31. Tucker & Dale vs. Evil
Year: 2010
Director: Eli Craig
Let’s face it, hillbillies and their ilk have been getting the short end of the pitchfork in movies since the strains of banjo music faded in 1972’s Deliverance. And whether due to radiation (The Hills Have Eyes) or just good old determined inbreeding (Wrong Turn and so, so many films you’re better off not knowing about), the yokel-prone in film have really enjoyed slaughtering innocent families on vacation, travelers deficient in basic map usage skills, and, best of all, sexually active college students just looking for a good time. But fear not, members of Hillbillies for Inclusion, Consideration & Kindness in Screenplays (HICKS)—writer/director Eli Craig has your hairy, unloofahed back. His film, Tucker & Dale vs. Evil, answers the simple question: What if those hillbillies are just socially awkward fellows sprucing up a vacation home and the young college kids in question are just prone to repeatedly jumping to incorrect, often fatal, conclusions? Think Final Destination meets the Darwin Awards.—Michael Burgin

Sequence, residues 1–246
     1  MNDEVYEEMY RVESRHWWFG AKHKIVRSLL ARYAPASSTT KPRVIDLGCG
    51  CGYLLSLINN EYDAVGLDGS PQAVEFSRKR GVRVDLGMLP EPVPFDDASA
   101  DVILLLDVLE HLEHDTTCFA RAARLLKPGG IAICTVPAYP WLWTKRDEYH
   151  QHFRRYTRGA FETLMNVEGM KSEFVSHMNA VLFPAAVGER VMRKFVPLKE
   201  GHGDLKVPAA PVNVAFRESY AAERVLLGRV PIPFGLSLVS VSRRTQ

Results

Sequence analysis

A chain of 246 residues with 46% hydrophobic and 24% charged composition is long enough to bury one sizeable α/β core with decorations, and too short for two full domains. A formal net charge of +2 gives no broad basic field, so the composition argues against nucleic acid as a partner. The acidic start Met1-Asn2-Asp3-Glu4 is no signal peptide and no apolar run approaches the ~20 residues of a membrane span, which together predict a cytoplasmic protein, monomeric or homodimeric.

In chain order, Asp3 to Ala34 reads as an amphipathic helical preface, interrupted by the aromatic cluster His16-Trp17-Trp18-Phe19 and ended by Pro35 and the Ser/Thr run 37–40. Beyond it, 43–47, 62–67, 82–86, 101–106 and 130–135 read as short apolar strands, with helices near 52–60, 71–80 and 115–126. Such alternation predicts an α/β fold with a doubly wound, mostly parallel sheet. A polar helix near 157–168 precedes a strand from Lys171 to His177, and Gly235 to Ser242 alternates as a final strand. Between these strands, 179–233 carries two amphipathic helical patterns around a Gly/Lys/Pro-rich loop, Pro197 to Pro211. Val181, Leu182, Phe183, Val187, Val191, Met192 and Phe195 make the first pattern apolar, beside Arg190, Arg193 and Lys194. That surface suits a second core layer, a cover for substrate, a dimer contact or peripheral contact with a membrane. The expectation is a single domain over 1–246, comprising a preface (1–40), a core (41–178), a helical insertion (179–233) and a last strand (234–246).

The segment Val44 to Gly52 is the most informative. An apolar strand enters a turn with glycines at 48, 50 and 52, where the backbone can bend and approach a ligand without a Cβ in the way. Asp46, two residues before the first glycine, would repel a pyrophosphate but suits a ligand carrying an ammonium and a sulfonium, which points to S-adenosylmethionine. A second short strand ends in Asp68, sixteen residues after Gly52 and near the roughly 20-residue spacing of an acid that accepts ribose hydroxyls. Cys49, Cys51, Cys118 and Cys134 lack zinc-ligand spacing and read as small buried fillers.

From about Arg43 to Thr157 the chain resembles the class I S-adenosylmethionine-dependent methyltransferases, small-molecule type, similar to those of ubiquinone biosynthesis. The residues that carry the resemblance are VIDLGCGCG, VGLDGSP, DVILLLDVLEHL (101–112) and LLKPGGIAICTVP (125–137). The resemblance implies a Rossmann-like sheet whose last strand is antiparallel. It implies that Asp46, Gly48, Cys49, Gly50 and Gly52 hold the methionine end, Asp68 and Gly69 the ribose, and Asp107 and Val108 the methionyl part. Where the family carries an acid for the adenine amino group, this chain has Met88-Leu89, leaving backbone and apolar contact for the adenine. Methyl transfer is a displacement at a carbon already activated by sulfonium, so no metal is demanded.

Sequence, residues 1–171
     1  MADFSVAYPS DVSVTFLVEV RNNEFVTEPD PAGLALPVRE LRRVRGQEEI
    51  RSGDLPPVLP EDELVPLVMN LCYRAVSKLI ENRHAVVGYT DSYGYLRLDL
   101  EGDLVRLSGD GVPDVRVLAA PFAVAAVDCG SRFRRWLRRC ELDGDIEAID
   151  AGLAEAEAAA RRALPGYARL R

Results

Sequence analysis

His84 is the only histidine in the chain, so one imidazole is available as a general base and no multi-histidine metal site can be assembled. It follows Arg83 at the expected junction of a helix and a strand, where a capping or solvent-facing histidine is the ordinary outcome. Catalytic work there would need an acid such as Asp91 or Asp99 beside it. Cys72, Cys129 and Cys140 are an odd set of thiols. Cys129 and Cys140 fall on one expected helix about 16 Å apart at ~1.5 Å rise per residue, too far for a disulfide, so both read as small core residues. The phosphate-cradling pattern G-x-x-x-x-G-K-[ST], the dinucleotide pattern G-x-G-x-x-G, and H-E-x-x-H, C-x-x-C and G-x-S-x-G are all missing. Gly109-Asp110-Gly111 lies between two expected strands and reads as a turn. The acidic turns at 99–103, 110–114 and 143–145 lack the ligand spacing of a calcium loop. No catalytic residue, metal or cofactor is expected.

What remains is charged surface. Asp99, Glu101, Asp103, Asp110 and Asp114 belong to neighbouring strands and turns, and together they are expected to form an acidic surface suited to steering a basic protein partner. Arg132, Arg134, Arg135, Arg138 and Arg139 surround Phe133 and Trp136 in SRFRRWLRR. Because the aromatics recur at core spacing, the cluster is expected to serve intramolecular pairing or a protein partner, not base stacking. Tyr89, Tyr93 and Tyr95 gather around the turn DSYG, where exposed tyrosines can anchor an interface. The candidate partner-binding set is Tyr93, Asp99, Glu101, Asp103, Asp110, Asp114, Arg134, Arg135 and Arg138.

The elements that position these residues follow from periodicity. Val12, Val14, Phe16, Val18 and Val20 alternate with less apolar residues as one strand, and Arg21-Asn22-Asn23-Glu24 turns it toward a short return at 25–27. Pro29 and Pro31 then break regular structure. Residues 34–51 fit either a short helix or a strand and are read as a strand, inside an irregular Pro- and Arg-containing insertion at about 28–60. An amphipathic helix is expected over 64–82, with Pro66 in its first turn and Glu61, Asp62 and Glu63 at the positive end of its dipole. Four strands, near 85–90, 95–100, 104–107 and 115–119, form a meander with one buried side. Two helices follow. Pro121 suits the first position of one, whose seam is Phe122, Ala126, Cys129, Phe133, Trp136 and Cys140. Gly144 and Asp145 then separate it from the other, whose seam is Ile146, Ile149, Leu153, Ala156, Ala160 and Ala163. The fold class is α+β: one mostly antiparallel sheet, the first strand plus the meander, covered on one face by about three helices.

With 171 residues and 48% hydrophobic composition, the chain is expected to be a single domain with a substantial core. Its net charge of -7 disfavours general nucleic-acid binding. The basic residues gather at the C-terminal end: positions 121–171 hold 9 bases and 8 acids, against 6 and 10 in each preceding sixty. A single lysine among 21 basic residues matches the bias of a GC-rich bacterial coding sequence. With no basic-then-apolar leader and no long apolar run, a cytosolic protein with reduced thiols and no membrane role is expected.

30. The Waterboy
Year: 1998
Director: Frank Coraci
I saw The Waterboy in the theater on opening night and I’m still not sure if it’s the last of the classic Adam Sandler films or the first of the not-so-classic Adam Sandler films. It’s clearly a step below Billy Madison, Happy Gilmore and The Wedding Singer, but it’s not quite as obnoxious or depressing as pretty much every other comedy he’s made since The Waterboy. His manchild antics didn’t feel redundant yet, and here he has the help of a great supporting cast that includes Kathy Bates, Jerry Reed, Henry Winkler and Blake Clark. (And, uh, the Giant from WCW, aka the Big Show, also has a ton of charisma in his brief cameo.) If you’ve always hated Sandler, you should avoid this one; if you recognize those first three films as the classics that they are, you’ll probably enjoy The Waterboy enough to not feel like you’re wasting your time.—Garrett Martin


29. Clerks
Year: 1994
Director: Kevin Smith